- Land's End by Michael
- One of the Crown Journeys series
from Random House, yet another series of slim travel
books by well known writers in other genres. Remarkably
like The Writer and the City series, right down to the
focus on prominent gay male writers. It's a walk around
Provincetown, in the same mold as Edmund White's walk
around Paris. Flanerie except that Cunningham doesn't
call it that. I loved this book. The section on Adams
Pharmacy got me thinking about time, memory, mortality,
and metaphors all at the same time. I reread it several
times. It's that lyrical. It made me want to visit
Provincetown again - I haven't been there in like 20
years or so - but I bet I'll go there soon.
- The Flaneur by Edmund
- One of the new The Writer and the
City series from Bloomsbury.
White takes the reader on a stroll through Paris as he
knows it and as only he can. I've never been to Paris but
after reading this slim volume, I feel like I have.
- I Capture the Castle by
- A charming novel written from the
point of view of a teenage girl coming of age while
living in a ramshackle old castle with her sister,
brother, stepmother, and extremely eccentric father. Like
a Jane Austen novel only way way funnier.
- Word Freak by Stefan
- A fun easy read that took me deep
into the world/subculture of competitive
- Eye of the Albatross by
- Following a Laysan albatross in
her wanderings in search of food for her chick, plus
digressions on Monk Seals, Sea Turtles, and fisheries
- Island of the Aunts by Eva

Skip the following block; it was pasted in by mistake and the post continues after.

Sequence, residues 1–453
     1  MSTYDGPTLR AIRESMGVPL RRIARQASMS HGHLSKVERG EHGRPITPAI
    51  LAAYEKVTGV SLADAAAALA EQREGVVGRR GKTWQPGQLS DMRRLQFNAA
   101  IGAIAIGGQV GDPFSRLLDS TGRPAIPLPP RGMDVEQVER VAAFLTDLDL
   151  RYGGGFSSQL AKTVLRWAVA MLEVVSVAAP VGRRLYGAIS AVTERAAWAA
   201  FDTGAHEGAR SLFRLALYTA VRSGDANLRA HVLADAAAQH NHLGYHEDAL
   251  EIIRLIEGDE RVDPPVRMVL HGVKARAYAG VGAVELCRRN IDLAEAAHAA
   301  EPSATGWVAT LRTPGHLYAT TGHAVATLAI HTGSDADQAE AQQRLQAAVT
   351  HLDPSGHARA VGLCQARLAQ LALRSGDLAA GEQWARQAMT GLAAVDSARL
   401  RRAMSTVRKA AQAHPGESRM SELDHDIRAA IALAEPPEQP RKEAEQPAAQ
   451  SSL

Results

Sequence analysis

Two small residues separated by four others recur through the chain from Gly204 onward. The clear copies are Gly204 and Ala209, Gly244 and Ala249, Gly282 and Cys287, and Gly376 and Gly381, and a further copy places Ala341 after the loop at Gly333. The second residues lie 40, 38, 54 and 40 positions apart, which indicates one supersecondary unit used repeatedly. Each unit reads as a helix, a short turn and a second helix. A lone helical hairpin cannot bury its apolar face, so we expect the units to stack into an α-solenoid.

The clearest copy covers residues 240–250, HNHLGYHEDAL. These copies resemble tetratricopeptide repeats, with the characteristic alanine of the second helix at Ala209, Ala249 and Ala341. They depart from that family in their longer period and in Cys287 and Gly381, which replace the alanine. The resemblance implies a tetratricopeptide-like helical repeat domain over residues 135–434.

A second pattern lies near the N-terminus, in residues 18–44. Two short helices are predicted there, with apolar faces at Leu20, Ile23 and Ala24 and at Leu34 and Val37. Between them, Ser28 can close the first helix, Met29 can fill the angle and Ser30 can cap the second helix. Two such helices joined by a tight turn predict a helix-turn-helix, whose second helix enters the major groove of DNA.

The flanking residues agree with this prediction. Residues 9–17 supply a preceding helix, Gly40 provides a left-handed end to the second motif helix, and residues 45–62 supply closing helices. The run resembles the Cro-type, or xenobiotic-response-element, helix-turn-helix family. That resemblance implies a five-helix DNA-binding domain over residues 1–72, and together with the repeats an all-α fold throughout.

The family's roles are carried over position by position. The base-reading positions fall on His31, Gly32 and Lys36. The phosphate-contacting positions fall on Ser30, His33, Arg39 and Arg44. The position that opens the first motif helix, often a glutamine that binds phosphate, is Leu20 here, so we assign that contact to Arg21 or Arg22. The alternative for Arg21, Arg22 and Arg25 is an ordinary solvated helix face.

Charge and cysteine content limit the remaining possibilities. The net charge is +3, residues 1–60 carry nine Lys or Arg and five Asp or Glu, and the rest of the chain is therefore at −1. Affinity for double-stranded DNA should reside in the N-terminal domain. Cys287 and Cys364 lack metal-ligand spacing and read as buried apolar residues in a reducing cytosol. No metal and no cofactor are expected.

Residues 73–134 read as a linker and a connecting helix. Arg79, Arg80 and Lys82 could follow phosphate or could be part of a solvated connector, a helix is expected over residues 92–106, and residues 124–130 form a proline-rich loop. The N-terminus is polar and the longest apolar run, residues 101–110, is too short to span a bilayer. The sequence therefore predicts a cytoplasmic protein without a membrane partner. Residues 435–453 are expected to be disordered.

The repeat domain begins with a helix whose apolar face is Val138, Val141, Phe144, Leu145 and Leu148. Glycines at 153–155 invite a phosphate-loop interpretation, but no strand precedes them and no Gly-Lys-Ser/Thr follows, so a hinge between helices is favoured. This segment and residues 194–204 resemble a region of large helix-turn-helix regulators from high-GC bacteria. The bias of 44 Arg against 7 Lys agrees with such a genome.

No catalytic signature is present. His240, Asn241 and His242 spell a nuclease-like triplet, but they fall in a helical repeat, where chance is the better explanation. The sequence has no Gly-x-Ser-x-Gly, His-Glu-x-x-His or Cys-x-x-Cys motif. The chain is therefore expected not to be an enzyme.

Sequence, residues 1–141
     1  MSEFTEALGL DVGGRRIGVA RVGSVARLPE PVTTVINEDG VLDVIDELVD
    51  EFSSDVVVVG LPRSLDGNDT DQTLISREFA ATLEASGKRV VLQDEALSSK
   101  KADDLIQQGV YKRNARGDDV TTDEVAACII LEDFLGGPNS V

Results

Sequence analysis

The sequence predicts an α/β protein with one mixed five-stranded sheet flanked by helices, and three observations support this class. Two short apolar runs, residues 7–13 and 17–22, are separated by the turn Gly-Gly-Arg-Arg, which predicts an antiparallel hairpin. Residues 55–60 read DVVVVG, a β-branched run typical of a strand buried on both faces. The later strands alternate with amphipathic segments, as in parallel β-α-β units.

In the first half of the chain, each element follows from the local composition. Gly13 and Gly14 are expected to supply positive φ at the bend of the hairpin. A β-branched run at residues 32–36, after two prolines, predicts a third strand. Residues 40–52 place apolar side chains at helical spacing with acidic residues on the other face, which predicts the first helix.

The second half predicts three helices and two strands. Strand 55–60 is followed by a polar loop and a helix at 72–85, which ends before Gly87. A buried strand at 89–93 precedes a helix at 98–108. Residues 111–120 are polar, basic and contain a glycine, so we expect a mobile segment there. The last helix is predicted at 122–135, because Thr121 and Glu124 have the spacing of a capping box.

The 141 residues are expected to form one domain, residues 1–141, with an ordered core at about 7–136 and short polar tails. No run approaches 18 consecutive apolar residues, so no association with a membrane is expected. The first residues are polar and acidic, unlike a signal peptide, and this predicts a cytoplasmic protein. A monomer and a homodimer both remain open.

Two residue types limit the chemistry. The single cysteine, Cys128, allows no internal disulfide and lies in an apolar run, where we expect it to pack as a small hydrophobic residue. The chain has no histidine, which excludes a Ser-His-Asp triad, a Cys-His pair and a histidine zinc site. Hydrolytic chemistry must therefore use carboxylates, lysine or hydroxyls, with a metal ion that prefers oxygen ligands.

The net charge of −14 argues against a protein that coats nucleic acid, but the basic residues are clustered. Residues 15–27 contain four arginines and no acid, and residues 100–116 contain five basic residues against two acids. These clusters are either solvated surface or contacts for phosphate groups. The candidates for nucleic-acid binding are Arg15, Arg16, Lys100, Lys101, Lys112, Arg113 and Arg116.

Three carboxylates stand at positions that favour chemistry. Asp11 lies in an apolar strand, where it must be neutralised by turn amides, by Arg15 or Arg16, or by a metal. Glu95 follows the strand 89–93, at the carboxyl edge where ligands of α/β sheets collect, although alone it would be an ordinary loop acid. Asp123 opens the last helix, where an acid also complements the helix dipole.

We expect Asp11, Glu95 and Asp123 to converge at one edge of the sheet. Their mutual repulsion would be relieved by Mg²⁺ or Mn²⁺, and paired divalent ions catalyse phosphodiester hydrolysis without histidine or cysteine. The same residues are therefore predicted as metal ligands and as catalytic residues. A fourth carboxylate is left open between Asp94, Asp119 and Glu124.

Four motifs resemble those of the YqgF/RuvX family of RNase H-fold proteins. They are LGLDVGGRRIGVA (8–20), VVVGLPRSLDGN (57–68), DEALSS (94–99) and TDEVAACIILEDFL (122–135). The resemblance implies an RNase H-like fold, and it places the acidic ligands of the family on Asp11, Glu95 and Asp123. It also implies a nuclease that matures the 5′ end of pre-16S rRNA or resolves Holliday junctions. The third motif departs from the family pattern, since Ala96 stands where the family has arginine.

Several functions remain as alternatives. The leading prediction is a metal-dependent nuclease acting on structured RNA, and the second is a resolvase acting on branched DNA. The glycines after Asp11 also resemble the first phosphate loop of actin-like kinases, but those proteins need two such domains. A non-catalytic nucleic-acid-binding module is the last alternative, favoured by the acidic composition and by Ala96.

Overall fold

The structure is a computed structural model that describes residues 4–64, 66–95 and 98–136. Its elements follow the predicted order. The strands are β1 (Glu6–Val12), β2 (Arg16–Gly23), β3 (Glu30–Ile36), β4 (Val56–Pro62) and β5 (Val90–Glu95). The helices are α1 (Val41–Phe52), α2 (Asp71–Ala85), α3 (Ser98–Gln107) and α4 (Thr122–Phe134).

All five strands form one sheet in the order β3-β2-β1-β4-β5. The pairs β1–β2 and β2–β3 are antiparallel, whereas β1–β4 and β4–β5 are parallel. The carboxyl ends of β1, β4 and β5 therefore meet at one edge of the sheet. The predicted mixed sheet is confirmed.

- Aunts. A whole novel about aunts.
With mermaids, selkies, an amazingly large bird and
- The Time Bike by Jane
- The most recent in chronicles of
the Hall family of Concord, Massachusetts.
- Oaxaca Journal by Oliver
- A short easily read account
of a botanizing trip in Oaxaca with the American Fern
Society. On page 48 he mentions "a magnificent Douglas
fir on a precipitous outcropping". Without even reading
the next sentence, I knew that was the stand of Douglas
firs Zsolt discovered in 1994! The southernmost stand of
Douglas firs in the world. Sure enough he goes on to say
it was discovered by a botanist from the Hungarian Museum
of Natural History. Alas, he doesn't mention Zsolt by
name or the Dendrological Atlas Project. It is pretty
cool to have Zsolt's project almost sort of kind of
mentioned in a book by a best-selling writer. Now if only
I can find some way to leverage that to help the
- The Golden Chersonese by
- The intrepid Victorian lady
traveler in Malaysia. Her observations on the colonial
civil servants are every bit as interesting as her
observations on the locals.
- The Birds of Heaven: Travels
with Cranes by Peter Matthiessen
- Mathiessen & Robert Bateman
document the status of all 15 crane species around the
world through personal narrative and beautiful paintings.
Victor Emmanuel lead some of the trips. Fabulous book.
Not only a must read but a "must own and keep around"
- Red Poppies by
- A historical novel about Tibet and
China and the end of feudal chieftains, tinged with magic
realism, narrated by the idiot son on of a powerful
chieftain. I could hardly put it down. Political
intrigue, sex, war, magic, spectacular
- Consider the Eel by Richard